It is well known that the Covid-19 pandemic resulted in a significant decrease in vehicle traffic all over the country due to closures of the workplace and a substantial reduction in social events. Naturally, this led to the decline in the number of vehicle accidents that occurred over the course of the pandemic. One could imagine that vehicle insurance companies made significant profits over this time period due to insureds continuing to make premium payments on their auto policies paired with a substantial decrease in claims resulting from auto accidents. Several class-action lawsuits around the country are alleging that this did indeed happen and that it was illegal on the part of the insurance companies. Specifically, one of the most well know auto insurance companies, GEICO, has been named as a defendant in class action lawsuits filed in several jurisdictions for allegedly overcharging its customers during the Covid-19 Pandemic.
One of these lawsuits was filed in the United States District Court for the Northern District of California, with the caption Day v. GEICO Casualty Company et al., at case number 5:21-cv-02103. (See a copy of the complaint here). The complaint alleged violations of good faith, California’s false advertising and unfair competition law, and unjust enrichment. In support of these claims, the complaint alleged that “while many companies, industries, and individuals have suffered financially as a result of the COVID-19 pandemic, auto insurers like GEICO have scored a windfall.” The complaint cited to information generated by GEICO’s parent company, Berkshire Hathaway, which reported GEICO had pretax earnings of “$3.428 billion in 2020.” This is allegedly over double the amount GEICO earned during the same period in 2019. The complaint also cited to a report from the Center for Economic Justice & Consumer Federation of America, which provided, in relevant part:
Because of COVID-19 restrictions, the assumptions about future claims underlying insurers’ rates in effect on March 1 became radically incorrect overnight. When roads emptied, the frequency of motor vehicle accidents and insurance claims dropped dramatically and immediately. The assumptions in insurers’ rates covering time-frames from mid-March forward about the future frequency of claims became significantly wrong when the roads emptied because of Stay-At-Home orders and business closures starting in mid-March. The then-current rates became excessive not just for new policyholders going forward but also for existing policyholders whose premium was based on now overstated expectation about insurance claims.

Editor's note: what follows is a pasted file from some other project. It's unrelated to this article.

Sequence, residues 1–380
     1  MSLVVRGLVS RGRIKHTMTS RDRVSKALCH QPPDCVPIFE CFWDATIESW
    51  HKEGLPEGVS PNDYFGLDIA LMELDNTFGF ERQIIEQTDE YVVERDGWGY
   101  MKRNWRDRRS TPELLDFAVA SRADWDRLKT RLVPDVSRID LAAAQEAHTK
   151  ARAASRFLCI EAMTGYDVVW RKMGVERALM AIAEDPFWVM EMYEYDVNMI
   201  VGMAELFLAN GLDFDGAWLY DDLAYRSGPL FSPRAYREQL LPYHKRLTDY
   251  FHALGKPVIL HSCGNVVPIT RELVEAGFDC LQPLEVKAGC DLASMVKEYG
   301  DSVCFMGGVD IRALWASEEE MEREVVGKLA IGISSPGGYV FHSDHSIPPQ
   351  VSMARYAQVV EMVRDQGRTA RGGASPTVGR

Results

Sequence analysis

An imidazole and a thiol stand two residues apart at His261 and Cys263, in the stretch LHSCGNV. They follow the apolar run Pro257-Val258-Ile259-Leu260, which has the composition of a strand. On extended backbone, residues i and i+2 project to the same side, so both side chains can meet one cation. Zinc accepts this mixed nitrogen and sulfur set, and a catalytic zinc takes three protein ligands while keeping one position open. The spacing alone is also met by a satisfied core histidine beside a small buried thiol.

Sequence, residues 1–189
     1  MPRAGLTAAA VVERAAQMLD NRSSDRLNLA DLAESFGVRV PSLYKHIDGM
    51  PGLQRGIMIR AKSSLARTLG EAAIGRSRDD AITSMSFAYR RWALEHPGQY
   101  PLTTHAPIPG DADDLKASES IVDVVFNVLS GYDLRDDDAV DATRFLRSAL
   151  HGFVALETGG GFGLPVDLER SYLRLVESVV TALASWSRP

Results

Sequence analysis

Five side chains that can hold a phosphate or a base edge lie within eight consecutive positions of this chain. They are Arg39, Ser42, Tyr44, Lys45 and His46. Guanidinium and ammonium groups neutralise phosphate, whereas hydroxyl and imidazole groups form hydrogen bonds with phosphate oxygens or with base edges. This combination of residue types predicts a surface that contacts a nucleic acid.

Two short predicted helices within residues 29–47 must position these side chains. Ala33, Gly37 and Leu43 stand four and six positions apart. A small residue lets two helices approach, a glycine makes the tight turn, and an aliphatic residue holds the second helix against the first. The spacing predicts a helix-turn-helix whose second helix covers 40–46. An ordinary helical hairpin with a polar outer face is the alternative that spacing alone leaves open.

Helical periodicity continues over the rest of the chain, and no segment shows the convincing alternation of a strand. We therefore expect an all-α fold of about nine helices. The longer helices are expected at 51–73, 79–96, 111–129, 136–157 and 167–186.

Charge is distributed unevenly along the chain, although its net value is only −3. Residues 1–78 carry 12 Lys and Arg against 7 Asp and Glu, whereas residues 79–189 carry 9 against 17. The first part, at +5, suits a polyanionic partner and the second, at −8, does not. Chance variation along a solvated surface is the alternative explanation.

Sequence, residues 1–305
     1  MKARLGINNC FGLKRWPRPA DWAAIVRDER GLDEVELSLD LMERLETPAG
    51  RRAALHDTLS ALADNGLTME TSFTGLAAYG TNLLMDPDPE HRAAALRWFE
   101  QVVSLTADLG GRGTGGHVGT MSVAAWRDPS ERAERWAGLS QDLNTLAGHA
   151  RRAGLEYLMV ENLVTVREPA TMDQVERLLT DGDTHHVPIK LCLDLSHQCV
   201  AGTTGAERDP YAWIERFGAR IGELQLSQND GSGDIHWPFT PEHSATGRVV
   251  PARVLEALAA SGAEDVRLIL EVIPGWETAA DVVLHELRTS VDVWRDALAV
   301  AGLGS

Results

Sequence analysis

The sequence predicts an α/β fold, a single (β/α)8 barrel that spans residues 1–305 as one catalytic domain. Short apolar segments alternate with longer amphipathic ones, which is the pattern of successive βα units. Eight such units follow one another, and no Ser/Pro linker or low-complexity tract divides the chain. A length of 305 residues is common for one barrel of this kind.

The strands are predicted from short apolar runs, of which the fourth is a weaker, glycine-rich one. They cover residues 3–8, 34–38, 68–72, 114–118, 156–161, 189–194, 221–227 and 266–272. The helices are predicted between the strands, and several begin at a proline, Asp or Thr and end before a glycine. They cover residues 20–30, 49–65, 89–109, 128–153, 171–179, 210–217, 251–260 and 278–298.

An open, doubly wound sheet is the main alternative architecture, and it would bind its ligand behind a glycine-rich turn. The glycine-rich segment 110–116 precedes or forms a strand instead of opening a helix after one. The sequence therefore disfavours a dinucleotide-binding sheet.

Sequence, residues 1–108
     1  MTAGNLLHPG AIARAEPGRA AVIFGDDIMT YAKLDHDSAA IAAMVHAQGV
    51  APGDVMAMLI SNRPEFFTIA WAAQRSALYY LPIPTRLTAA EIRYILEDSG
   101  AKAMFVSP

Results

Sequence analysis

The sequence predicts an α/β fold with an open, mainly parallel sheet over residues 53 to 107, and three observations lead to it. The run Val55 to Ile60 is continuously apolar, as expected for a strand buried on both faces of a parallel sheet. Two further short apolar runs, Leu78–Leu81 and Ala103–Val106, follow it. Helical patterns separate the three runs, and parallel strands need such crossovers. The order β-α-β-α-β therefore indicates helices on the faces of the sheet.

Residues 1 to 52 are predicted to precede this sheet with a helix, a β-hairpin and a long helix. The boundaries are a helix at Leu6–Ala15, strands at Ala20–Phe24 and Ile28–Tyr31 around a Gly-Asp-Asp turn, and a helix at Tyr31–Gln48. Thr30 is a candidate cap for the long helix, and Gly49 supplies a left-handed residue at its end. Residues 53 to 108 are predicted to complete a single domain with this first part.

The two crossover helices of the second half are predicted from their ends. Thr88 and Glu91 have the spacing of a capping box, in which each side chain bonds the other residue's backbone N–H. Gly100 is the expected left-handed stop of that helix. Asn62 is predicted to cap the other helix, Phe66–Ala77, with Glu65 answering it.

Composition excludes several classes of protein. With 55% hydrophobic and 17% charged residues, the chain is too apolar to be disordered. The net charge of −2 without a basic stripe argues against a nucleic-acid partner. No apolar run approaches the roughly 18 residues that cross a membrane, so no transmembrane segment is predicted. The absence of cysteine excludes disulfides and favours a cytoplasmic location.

The report went on to conclude that “at least a 30% average refund of paid premiums would be required to make up for the excess amounts paid by consumers for just the period between mid-March and the end of April of 2020.” Although GEICO did offer a “GEICO Giveback” program, which included a “15% discount on new and renewal policies from April to October 2020,” GEICO “did not apply any discount to the premiums that customers already paid and continued to pay on policies already existing at the start of the COVID-19 pandemic.” Further, the complaint alleged that “the 15% credit is nowhere near the minimum 30% average refund benchmark that has been conservatively estimated as an adequate refund for just the first the first two months of the pandemic.” Because GEICO allegedly had “full knowledge that its program was inadequate, GEICO falsely claimed to its customers that it was, in fact, providing substantial and full relief.” Alleged examples of this were present on GEICO’s website, which claimed that “shelter in place laws have reduced driving, and we are passing these savings on to our auto, motorcycle, and RV customers.” Further, it was alleged that GEICO failed to disclose that the “GEICO Giveback” program “did not pass the company’s savings on to its customers; the fact and amount of its excessive profits caused by COVID-19; and the fact that its premiums are not based on an accurate assessment of risk during COVID-19.”
A remarkably similar class action has also been filed against GEICO in the United States District Court for the Northern District of Illinois by the same law firms that filed suit on behalf of the class in California, Stephan Zouras, LLP and Nichols Kaster, PLLP. Captioned as Briana Siegal v. Geico Casualty Co. et al., at case number 1:20-cv-04306 (See a copy of the complaint here), the Illinois Complaint similarly alleges violations of fair dealing and good faith, unjust enrichment, and unfair, deceptive, or fraudulent business practices. Support for these claims is, understandably, almost identical to the support cited in the California complaint, as summarized above.
The disposition of these lawsuits will likely set an extremely important precedent for auto-insurers. Indeed, it is very likely that more cases like these will appear all over the country and potentially involve other auto-insurance companies in addition to GEICO. There is also a potential that these claims will expand beyond the realm of auto insurance. For example, what claims could policyholders of large venues have as a result of premiums paid on liability policies when their venues were not able to host events? One would imagine that the insurers of those types of venues similarly saw increased profits due to a decrease of liability claims being filed for incidents occurring at those events. The potential for continued litigation against insurance companies certainly makes monitoring these lawsuits important. Houston Harbaugh will continue to do so.